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Please send any news about yourself and what you are doing to John North. It can then be shared with other OCs. Go to the Contact page for the John's email address.
Subscriptions will remain at £10.00. This entitles you to membership of the WCOCA and a copy of the excellent "Once a Chorister" magazine.
OCs' Dinner at QEGS, Wakefield 9th May 2008
Neil Hopwood, the then Chairman, speaks to the gathering. Sitting next to him is our guest speaker, The Rt Revd and Rt Hon The Lord Hope of Thornes KCVO PC, better known as David Hope (OC), Archbishop of York (1995 -2004) and to his left is Roger Scott (OC).
Trevor Copley RIP
We were saddened to hear that Trevor Copley died on Friday 27th February at home in York. He had been suffering from cancer. Trevor and his wife, Colleen, were good supporters of the Old Choristers. The last event they came to was the OCs' Concert held at the Cathedral in November 2013. Whenever they attended, they could be found in the company of Colin Fuller and his wife. He was a chorister in the choir in the 1940s and has supported the Association since it was formed in 1966. He was a lovely, kind gentleman who will be sorely missed. His funeral service and burial was attended only by the family. However, there was a memorial service in York Minster, which was held on Tuesday, 17th March at 2.30pm.
Trevor was Chairman of St Leonard's Hospice, York for many years. He trained originally as a solicitor and joined Rowntree as Company Secretary in 1967, becoming a member of the Board in 1973 and Chairman of Rowntree's Overseas and Export Division in 1978. For 22 years, he led a dedicated group of people, first in establishing York's Hospice and subsequently in expanding it. In 2001, he was awarded an honorary doctorate from the University of York for his work. Our thoughts are with Colleen and family.
Our most well known present day Old Chorister, John Scott, sadly died in New York City on Wednesday, 12th August, having just returned from a recital tour of six European countries. He was one of the finest, if not the finest, organist in the world and a brilliant choir trainer. He was only 59.
I had only been in communication with him days earlier as he prepared to give what was to be his last recital at Uppsala Cathedral on Saturday, 8th August. “The Times” on Saturday, 15th August featured a full page obituary, a very rare occurrence for a classical musician, let alone an organist. However, John was a very special musician, “a master in the mould of J S Bach. At the height of his powers, Scott transformed St Thomas Church, Fifth Avenue, New York, where he was organist and director of music into a place of pilgrimage.” (“The Times” obituary).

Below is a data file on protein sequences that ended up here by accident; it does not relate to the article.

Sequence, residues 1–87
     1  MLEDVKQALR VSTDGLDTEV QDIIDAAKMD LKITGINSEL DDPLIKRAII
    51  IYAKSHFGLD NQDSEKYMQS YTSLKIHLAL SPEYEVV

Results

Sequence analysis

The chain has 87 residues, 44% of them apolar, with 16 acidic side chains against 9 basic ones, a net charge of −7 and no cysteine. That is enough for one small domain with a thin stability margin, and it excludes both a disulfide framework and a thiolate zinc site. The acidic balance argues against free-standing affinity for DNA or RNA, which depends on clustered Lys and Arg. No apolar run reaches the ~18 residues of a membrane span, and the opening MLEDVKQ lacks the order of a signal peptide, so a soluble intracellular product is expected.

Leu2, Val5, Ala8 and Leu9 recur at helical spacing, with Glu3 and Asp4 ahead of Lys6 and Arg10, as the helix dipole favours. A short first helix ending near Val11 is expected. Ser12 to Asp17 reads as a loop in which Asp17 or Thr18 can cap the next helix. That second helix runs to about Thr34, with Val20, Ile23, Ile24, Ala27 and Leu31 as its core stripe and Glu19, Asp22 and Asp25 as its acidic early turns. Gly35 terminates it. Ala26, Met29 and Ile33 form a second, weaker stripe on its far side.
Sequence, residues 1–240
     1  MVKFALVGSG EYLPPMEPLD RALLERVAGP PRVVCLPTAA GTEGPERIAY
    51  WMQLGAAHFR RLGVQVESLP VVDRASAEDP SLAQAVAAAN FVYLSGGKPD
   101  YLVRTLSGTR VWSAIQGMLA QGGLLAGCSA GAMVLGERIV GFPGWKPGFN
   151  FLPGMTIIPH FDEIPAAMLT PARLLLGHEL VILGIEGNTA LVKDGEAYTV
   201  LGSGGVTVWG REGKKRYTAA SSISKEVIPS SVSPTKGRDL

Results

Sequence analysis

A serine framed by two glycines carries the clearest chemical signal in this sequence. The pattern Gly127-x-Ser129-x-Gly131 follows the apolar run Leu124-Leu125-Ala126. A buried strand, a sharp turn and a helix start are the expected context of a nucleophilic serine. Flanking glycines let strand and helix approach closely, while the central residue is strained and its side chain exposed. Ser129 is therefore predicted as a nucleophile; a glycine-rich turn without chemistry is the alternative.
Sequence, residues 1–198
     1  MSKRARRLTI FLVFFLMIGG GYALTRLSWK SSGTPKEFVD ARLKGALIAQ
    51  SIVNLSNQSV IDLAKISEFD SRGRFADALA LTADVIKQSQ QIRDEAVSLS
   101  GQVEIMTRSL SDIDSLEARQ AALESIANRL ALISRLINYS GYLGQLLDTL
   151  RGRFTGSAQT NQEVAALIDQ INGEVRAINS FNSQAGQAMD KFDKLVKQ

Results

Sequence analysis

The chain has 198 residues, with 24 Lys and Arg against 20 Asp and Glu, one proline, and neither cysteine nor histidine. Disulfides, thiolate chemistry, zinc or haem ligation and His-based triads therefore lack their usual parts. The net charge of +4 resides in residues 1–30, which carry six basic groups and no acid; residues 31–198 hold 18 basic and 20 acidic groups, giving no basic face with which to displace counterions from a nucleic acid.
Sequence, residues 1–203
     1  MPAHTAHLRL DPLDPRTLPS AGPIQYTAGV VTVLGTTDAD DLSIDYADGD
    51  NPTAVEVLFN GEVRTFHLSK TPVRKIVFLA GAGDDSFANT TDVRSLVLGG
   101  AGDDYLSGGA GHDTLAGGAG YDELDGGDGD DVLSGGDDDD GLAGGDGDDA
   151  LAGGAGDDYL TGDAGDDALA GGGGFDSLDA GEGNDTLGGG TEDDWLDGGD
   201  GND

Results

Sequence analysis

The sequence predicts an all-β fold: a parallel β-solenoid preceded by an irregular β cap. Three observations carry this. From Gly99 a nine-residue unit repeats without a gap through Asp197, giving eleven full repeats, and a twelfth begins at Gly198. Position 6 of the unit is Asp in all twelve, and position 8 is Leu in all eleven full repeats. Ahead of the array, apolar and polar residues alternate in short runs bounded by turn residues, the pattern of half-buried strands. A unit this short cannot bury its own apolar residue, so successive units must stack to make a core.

“The Times” obituary is well worth reading with mention of his time in the choir at Wakefield and his debt to Jonathan Bielby who taught him and encouraged him, giving him his first Cathedral post as Assistant Organist before going Cambridge.
Although four years younger than me, we were in the choir together and I remember his first organ lesson with Doc Saunders before a Thursday evening practice (we didn’t sing midweek evensongs in my day). He was so small, he couldn’t touch the pedals! His father bought an organ for their home in Belle Vue while John was still in his early senior school years and where John would be able to practise to his heart’s content. I don’t know how many hours he practised when at school but he once told me that he practised for five hours a day when he was at Cambridge. I met him several times at throughout his career at St Paul’s, at an organ recital at York University and when he brought St Thomas’ Choir to Wakefield a few years ago. He deserved to succeed as he made the most of his exceptional talent.
Although never returning to live in Wakefield after University, he was always interested in the Old Choristers’ Association and always sent me a chatty email after receiving our Newsletters. My last email to him was to ask about the composition, which he had kindly offered to write for our Golden Jubilee evensong. He was to write it after another trip to Europe later this month to give four more recitals. I was looking forward to receiving it during the latter part of the year. He was unable to attend our celebrations next May because of work commitments at St Thomas’. However, in July 2016, he was to come over to give a recital for the Wakefield & District Organists’ Association to celebrate their 125thanniversary and I was going to inform OCs of the Cathedral recital. Sadly, we will never hear the anthem nor his excellent playing. Even more sad is that he will never see his child which he and his wife, Lily, were expecting in September.
plaHis solemn funeral liturgy will take place in St Thomas' Church, Fifth Avenue on Saturday, 12th September at 11am. Having looked at the church's website, it appears you will be able to listen to the service.